Brad Paisley’s 2013 song “Accidental Racist” featuring LL Cool J is passed off as an innocent attempt to bridge the communication gap between white southerners and African Americans, addressing misconceptions about manifestations of southern pride and judgments made against black people. Reading the lyrics, one can recognize that Paisley truly believes his intent and message to be noble. Ultimately, however, “Accidental Racist” is a clumsy and lazy handling of a deeply complex topic. The song ends up defending the racist history behind southern pride traditions, such as the mindless brandishing of the Confederate flag and deflecting any blame for perpetuating those traditions.
The lyrics also reaffirm reductive stereotypes held about Black people and offer a quick and apologetic forgiveness, presumably by black Americans, of white Americans for the travesties at the cornerstone of southern tradition. Although one would hope that most people would discriminate between the opinions of an individual and the opinions of the group to which they are perceived to belong, it is often the case that politically sensitive public statements made by an individual are seen as representative of the opinions and stance of all members of that individual’s group. In this way, Paisley and LL Cool J could be seen as representatives of white southerners and black Americans, respectively.
In 2013, Ta-Nehisi Coates wrong an article for The Atlantic titled, “Why ‘Accidental Racist’ is Actually Just Racist: The assumption that there is no difference among black people is exactly what racism is.” Coates’ claims that Brad Paisley’s selection of LL Cool J as his rapping counterpart rather than a lyricist known for his place in the public discourse of race turns the song into “a comforting lecture” rather the “challenging conversation” the writers intended it to be. Many responses to the song concurred with Coates’ observation that “the only real reason to call up LL is that he is black and thus must have something insightful to say about the Confederate Flag.”
Undoubtedly, there are members of both of those groups who do not agree with the opinions expressed in “Accidental Racist.” There are most certainly purposeful racists as well as white southerners who don’t believe in excusing “accidental” racism and who see the damaging effects of doing so. Likewise, there are black Americans who would not support the forgiveness implied by Cool J’s lines “If you don’t judge my do-rag/I won’t judge your red flag” and “RIP Robert E. Lee”.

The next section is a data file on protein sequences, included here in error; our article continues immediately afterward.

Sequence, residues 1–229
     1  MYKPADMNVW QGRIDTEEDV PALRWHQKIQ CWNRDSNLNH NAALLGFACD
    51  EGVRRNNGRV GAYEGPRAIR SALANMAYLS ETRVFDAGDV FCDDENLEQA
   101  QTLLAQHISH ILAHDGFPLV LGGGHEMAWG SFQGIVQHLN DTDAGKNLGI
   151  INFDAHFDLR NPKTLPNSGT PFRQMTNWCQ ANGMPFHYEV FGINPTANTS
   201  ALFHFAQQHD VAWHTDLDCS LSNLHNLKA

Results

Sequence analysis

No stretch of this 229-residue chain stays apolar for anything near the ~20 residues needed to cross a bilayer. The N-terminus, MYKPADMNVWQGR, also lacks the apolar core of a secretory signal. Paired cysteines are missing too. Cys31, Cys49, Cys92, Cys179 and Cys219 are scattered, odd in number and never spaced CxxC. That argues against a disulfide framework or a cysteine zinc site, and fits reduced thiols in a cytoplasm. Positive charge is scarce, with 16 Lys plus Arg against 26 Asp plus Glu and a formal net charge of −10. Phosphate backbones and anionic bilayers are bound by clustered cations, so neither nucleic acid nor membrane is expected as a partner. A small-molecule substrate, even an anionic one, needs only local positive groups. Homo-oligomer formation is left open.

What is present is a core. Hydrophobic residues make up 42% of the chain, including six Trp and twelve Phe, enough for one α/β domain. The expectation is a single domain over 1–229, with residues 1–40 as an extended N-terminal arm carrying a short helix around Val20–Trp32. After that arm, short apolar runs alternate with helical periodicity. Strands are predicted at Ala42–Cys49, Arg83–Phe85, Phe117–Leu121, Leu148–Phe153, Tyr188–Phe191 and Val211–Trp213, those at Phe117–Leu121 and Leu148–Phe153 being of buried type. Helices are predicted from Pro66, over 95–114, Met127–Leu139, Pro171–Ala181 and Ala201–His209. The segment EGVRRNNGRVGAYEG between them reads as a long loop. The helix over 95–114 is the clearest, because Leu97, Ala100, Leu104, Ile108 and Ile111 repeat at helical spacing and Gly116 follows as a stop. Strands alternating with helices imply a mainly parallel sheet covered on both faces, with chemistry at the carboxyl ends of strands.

Additionally, Cool J’s lines imply that he feels the need to qualify his distaste for white racism and his gratitude to white people for freeing and accepting his people. Immediately following “RIP Robert E. Lee”, Cool J raps, “but I’ve gotta thank Abraham Lincoln for freeing me, know what I mean”. This is an example of the classic self-blame that plagues many people of color–they feel guilt for their subjugation and a constant need to mitigate their criticism of past and present white behavior.
LL raps: “Feel like a new fangled Django, dodging invisible white hoods/ So when I see that white cowboy hat, I’m thinking it’s not all good/ I guess we’re both guilty of judging the cover not the book.” He casually references the horrors of slavery and KKK terrorism, blaming himself and others for their discomfort with people who proudly don garb rooted in southern tradition. This is indicative Cool J attempting to assimilate to mainstream white culture by hastily overlooking white transgressions and trying to draw similarities between his people and his desired people.